By on June 15th, 2020

The Beauty of Complexification

The Complexifying work of Michael Hansmeyer.

Michael Hansmeyer and the Fourth Industrial Revolution

The Fourth Industrial Revolution is the fourth major industrial era since the initial Industrial Revolution of the 18th century. It is characterized by a fusion of technologies that is blurring the lines between the physical, digital, and biological spheres.Wikipedia
Sounds like fusion in cuisine and music, yes? Higher-toned delivery but sisters at heart. Aspects of globalism, the mingling of peoples. The tendency in modern practice to both hyper-focus and intermingle like a red sweatshirt in a laundry of white. In hyperfocus a medical doctor becomes an internist becomes a cardiologist becomes an expert on heart arrhythmia.  The push-back tendency is for artists to work fruitfully with doctors, doctors to probe with physicists, physicists and musicians to learn things together.
You may think that the parer-downers have difficult work and complexifiers have it easy. Throw in a bunch of newts, a corsage of orchids, some onion soup mix. Complexity! We need to understand that mindless complexifying can be done by a dog undigging bones in a nice lawn. Don’t even need a human. But brilliant complexifying takes imagination and rigor..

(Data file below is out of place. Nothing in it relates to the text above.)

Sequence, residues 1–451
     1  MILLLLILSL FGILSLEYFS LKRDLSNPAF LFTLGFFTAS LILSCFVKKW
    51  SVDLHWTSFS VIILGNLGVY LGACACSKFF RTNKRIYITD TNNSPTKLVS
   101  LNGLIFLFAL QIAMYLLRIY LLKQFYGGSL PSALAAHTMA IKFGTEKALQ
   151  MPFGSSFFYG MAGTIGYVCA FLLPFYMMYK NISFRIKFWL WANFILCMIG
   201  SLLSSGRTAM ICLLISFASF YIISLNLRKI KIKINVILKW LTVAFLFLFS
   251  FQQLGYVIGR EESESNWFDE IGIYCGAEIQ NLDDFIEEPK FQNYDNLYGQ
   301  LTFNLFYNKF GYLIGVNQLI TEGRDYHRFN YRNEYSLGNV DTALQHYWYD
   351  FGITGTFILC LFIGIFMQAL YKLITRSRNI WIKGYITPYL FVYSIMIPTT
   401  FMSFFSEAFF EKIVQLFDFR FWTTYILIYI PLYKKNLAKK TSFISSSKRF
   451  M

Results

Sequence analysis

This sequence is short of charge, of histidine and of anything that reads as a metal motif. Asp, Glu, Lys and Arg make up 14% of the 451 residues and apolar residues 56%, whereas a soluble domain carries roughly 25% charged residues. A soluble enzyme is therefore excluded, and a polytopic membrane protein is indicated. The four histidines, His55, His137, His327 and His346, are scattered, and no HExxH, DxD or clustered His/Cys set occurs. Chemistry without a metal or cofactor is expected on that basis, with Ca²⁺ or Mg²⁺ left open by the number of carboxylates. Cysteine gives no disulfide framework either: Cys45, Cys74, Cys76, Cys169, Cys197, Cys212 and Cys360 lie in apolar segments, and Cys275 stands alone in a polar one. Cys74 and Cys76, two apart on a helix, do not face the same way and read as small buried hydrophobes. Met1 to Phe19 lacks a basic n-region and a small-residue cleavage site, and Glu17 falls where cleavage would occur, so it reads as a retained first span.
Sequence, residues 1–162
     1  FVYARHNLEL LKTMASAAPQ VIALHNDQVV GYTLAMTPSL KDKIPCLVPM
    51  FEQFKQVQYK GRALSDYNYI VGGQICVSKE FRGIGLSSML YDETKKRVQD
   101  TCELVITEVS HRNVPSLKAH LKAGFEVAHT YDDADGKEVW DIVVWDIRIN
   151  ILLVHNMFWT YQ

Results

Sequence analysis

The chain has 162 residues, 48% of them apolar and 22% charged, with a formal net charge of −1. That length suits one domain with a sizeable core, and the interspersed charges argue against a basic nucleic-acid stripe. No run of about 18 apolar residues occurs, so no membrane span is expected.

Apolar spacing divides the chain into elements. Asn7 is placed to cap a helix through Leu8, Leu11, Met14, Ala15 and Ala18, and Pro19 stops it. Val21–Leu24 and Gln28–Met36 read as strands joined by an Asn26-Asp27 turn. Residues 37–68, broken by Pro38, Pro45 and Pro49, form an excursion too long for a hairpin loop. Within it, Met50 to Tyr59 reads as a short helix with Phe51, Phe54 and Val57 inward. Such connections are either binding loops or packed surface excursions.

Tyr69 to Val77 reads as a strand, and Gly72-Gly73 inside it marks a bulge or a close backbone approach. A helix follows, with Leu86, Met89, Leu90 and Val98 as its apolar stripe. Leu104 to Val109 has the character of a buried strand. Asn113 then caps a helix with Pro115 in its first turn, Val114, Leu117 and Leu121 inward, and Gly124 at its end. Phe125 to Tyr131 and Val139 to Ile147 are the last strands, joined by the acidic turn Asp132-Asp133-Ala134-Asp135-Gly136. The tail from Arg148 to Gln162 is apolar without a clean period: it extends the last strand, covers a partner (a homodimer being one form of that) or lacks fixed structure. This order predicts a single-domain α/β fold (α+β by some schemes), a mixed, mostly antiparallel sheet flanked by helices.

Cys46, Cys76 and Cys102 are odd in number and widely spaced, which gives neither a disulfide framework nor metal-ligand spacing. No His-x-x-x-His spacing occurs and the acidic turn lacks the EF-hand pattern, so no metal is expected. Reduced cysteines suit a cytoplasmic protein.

Michael Hansmeyer is among the elite who think about reasons to wantonly complexify rather than to simplify. This unique corps of thinkers buck the trend of paring off the dross to find something pristine and spit-shined inside. Hansmeyer is an architect and programmer who explores the use of algorithms to generate and fabricate architectural form. []


He has taken a platonic solid (think sphere – cube – pyramid…) and devised thousands of unique variations. See the bottom tier of the illustration above. He says:


All of the forms shown are generated using the same single process, Only the variables that control the process’ division operation are allowed to change. This single process affects both the form’s topography and topology. It influences attributes such as the degree of branching, porosity, and fractalization – just to name a few. Platonic Solids.


The top of the above illustration gives you a taste of Hansmeyer’s mind in solid production. One has to appreciate the industrial fabrication know-how that gives visual form to his heady mathematics. No way he’s not involved in this too.